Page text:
Keeping CYD operations alive and well.
Our development team reached out for emergency funding, and we secured grants to stabilize us during this time. A priority has been to retain all of our staff so that we are able to continue to serve all of our young people. We have worked hard with our government partners to develop systems that are secure for data and information collection.
We’re addressing a number of new challenges in this school year.
We are advocating with other nonprofits across the city to support after-school funding through the City’s Learning to Work Programs that provide money for internships, career readiness, and support services to thousands of our most vulnerable high school students. We are collaborating with our school partners to increase attendance by reaching out to students daily. We are seeking ways to provide technology support to families that cannot afford the cost of data plans, hotspots, and WiFi service that are essential for learning in the new remote model. We are hearing from graduates who are overwhelmed because their plans are falling apart. Older youth and their families are still suffering with layoffs and furloughs, and they are in need of social support services as well as employment. CYD is evolving to meet these challenges and will be seeking additional support to expand our work and deepen it over the next months.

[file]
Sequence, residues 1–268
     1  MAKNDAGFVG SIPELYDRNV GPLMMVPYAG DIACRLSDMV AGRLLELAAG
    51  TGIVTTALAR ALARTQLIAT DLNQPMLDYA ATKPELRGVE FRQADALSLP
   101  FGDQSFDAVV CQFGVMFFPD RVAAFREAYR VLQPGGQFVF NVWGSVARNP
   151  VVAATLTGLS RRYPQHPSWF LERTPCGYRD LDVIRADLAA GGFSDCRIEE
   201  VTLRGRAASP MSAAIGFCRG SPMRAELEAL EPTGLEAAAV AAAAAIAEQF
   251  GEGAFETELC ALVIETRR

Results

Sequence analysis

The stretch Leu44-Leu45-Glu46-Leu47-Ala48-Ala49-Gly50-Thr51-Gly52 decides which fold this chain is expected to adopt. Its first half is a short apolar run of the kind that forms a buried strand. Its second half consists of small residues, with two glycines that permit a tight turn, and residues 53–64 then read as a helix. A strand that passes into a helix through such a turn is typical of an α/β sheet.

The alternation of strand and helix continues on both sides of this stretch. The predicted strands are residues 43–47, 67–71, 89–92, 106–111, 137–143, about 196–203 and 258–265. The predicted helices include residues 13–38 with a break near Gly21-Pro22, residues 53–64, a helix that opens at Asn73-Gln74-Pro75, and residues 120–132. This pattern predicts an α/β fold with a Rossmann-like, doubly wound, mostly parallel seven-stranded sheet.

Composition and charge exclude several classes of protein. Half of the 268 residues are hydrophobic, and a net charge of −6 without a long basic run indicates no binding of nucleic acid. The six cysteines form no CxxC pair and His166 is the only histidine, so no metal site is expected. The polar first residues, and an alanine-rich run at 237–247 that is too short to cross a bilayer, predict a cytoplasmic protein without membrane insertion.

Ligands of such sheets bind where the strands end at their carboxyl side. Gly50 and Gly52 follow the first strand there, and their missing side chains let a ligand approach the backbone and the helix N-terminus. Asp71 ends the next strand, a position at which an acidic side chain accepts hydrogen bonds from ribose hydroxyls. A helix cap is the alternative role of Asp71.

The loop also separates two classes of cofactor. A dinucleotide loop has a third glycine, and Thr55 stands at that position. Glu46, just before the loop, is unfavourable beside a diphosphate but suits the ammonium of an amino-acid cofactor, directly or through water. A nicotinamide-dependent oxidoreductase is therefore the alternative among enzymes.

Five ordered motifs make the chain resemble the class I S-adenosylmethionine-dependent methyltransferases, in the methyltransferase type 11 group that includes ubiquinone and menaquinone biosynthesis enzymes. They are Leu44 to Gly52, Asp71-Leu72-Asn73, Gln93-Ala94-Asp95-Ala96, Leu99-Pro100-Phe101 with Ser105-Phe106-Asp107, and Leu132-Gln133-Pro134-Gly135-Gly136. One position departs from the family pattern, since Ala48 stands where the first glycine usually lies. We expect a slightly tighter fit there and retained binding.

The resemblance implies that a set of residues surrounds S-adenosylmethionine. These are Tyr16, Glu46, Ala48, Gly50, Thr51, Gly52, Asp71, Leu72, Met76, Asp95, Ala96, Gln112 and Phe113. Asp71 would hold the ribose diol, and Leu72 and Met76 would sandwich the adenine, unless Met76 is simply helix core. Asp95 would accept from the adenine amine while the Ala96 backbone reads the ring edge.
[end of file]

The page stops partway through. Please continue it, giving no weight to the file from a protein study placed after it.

At CYD we have always known that educational and racial equity are tied together. The Black Lives Matter movement represents a challenge and an opportunity. Our staff supported many of our young people and their families who were marching for justice this summer, and we created forums for them to process what they were going through and to express themselves. In response, we are developing civic engagement models to help students develop the skills to work positively to address the issues of racial equity directly, and also to learn how to be part of the democracy they live in, as a new generation of voters, advocates, and leaders.